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Becoming a landlord is exciting and is also an excellent investment. However, you’ll also have a high level of responsibility and require a commitment to become a great landlord. You’ll need to service and maintain your property’s plumbing system to reduce the amount of time your property stays empty and allow you to keep your property marketable. Maintaining the plumbing system also helps maintain your property’s safety and makes it more habitable for tenants.
Often issues can arise between tenants and landlords, and the common question is, ‘who is responsible for maintaining the plumbing system?’ In general, it’s expected that the landlord should provide the tenant with a habitable property, and when things go wrong, it’s up to the landlord to call and pay for a plumber. However, in some cases, the tenant may have to pay if they are responsible for causing the fault, for example, by washing food scraps into the drain.
If you live in Denton, TX, and are searching for a local plumber, don’t hesitate to contact bluefrog Plumbing + Drain. The company is available for all types of plumbing work, including drain cleaning, leak detection, and water heater repair. They can also install a plumbing system in new builds and provide an emergency call-out service.
If you’re thinking about becoming a landlord, read on. This article will tell you all about the types of plumbing issues that you’re responsible for as a landlord.
Pre-tenancy plumbing maintenance and checklist
Before a new tenant can move into your property, it’s a good idea to check that the plumbing works well. It’s the responsibility of the landlord to find and maintain any faults. You may like to call your local plumber to check that everything’s working effectively. As a landlord, you have a legal responsibility to ensure that your property is safe and in a liveable condition.
Before the tenant moves in, you can check the following yourself or ask a plumbing service to check:
- Check that the faucets work well and don’t drip or leak.
- Ensure that the water can drain away correctly in the kitchen and bathroom sinks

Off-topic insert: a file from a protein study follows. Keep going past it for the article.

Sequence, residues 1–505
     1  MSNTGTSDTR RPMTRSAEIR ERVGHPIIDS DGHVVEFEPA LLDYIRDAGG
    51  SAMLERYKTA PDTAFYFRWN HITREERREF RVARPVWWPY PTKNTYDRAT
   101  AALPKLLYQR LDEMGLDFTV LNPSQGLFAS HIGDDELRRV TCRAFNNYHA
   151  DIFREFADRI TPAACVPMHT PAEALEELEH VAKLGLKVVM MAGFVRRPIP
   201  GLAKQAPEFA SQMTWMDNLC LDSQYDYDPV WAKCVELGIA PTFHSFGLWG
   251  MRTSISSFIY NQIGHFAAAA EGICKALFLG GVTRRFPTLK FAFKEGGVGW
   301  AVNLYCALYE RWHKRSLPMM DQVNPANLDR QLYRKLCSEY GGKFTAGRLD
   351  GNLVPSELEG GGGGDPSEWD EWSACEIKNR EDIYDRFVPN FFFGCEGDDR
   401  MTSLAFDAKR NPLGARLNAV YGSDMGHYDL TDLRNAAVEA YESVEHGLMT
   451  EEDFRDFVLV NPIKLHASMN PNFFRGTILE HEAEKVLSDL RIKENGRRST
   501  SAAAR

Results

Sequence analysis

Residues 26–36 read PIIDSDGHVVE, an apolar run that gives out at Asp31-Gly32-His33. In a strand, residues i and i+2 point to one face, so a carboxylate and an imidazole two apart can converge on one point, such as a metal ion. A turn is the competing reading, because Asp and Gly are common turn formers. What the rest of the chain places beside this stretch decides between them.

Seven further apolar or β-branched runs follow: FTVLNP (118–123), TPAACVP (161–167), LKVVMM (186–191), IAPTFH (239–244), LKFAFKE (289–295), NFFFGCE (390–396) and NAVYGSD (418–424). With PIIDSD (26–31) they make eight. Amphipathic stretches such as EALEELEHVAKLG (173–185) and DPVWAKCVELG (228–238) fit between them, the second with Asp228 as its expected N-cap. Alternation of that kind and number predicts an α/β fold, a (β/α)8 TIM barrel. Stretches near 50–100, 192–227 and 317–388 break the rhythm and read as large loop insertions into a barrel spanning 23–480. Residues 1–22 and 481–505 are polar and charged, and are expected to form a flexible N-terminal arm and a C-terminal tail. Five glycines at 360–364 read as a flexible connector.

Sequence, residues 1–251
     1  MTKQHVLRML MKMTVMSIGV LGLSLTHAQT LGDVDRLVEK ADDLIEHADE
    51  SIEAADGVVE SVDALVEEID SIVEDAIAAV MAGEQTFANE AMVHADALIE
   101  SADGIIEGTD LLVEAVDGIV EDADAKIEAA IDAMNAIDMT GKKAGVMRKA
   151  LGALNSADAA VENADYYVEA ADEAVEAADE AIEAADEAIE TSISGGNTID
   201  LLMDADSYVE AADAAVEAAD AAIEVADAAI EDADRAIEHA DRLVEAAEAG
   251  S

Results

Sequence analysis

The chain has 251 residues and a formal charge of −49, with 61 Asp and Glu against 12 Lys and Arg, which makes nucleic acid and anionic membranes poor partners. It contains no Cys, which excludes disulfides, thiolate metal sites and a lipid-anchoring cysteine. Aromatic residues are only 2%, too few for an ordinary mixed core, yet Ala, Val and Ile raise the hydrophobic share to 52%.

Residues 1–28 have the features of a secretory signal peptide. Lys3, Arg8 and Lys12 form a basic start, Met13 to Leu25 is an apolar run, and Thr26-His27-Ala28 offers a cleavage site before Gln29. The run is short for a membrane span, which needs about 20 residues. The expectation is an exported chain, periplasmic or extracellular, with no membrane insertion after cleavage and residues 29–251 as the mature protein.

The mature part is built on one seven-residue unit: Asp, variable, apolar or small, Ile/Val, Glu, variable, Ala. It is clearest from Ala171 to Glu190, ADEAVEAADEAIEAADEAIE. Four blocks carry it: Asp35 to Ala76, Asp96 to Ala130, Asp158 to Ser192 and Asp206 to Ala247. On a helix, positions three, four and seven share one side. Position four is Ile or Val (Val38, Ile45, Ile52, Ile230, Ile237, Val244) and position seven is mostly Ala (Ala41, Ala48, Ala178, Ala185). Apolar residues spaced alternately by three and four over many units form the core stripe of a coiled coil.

- Look out for any signs of dampness in the bathroom. You may also need to replace seals on the bath or shower.
- If your property has metal pipes, lookout for corrosion.
- Check the gutters and drain and look for blockages or obstacles. You may also like to book a plumber for a drain cleaning service.
- Check that your boiler or water heater is working correctly.
- Look at and test the radiators; pay particular attention to fittings and valves.
- If you’re planning to rent to a disabled tenant, you may need to make some adjustments, such as installing handrails in the bathroom.
Having a plumber inspect your property will ensure that it is safe and habitable for your tenants and allow any plumbing issues to be detected early. This will mean that you’re able to fix the problems before they become more severe and expensive.
Moving the tenant in
When you move the tenant into your property, it’s a wise idea to show them around and give them some phone numbers that they can call in the event of an emergency. Give them a number for your local plumbing professional, who can be contacted 24/7 if there’s an emergency. Also, provide detailed instructions on how to turn off your property’s mains water supply, how to reset the water heater and how to turn off the gas supply.
It’s also wise to explain that flushing items down the toilets or washing food down the drains can cause blockages. You should tell your tenant that if a blockage occurs in the drains, pipes, toilets, or sinks that has happened due to misuse, it will be their responsibility to pay for a plumber and have the issue fixed. You can include this information in a tenancy agreement and make up an information pack for them. Alternatively, you can communicate this information verbally.
Who’s responsible for plumbing repairs?
Once a tenant has been moved into your property, the responsibility for any plumbing maintenance or repairs will depend on the type of repair needed and the reason the plumbing system is faulty. Generally, if the tenant has caused damage due to misuse of the plumbing system, they will have to pay the bill.
On the other hand, if the fault has been caused by general wear and tear, the landlord should pay the plumber. When a tenant contacts you and tells you there’s a plumbing issue, it’s good practice to tell them when to expect the repair to be made by. All faults should be fixed within a reasonable space of time to keep the property habitable.
Urgent repairs such as a blocked toilet, flooding, or burst water mains will need to be fixed within 24 hours if possible. This should include all plumbing faults that are likely to make the property unsafe for the tenant to continue living there.
Any non-urgent repairs caused by wear and tear and that the landlord has agreed to pay for should be fixed within fourteen days. Examples of non-urgent repairs include issues such as leaking taps or blocked drains. It’s worth noting that non-urgent repairs may get worse the longer they are left. A blocked drain could become more clogged over time and could flood the property, for example. It’s a wise idea to call a plumber as soon as possible rather than waiting.
bluefrog Plumbing + Drain, Plumber Denton, TX
Are you looking for an efficient and on-time local plumber? If you live in Denton, TX, you may like to contact bluefrog Plumbing + Drain. The company employs a team of highly skilled tradespeople for all your plumbing needs. bluefrog Plumbing + Drain is a BBB-rated business that’s passionate about serving your local community and has thousands of happy customers.
Don’t hesitate to contact bluefrog Plumbing + Drain of North Dallas at 469-573-2535 to see what the team can do for you!